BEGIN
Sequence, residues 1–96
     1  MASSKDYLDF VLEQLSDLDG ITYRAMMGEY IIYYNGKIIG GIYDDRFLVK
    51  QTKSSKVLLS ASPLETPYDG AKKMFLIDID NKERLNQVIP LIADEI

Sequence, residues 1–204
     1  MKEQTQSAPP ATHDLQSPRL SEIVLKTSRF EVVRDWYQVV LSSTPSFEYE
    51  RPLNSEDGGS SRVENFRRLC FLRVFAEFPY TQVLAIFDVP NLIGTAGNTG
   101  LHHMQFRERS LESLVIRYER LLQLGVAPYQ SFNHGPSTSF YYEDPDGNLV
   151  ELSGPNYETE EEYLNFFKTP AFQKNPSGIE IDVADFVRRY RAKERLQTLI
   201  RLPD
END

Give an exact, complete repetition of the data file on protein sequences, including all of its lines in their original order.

Sequence, residues 1–96
     1  MASSKDYLDF VLEQLSDLDG ITYRAMMGEY IIYYNGKIIG GIYDDRFLVK
    51  QTKSSKVLLS ASPLETPYDG AKKMFLIDID NKERLNQVIP LIADEI

Sequence, residues 1–204
     1  MKEQTQSAPP ATHDLQSPRL SEIVLKTSRF EVVRDWYQVV LSSTPSFEYE
    51  RPLNSEDGGS SRVENFRRLC FLRVFAEFPY TQVLAIFDVP NLIGTAGNTG
   101  LHHMQFRERS LESLVIRYER LLQLGVAPYQ SFNHGPSTSF YYEDPDGNLV
   151  ELSGPNYETE EEYLNFFKTP AFQKNPSGIE IDVADFVRRY RAKERLQTLI
   201  RLPD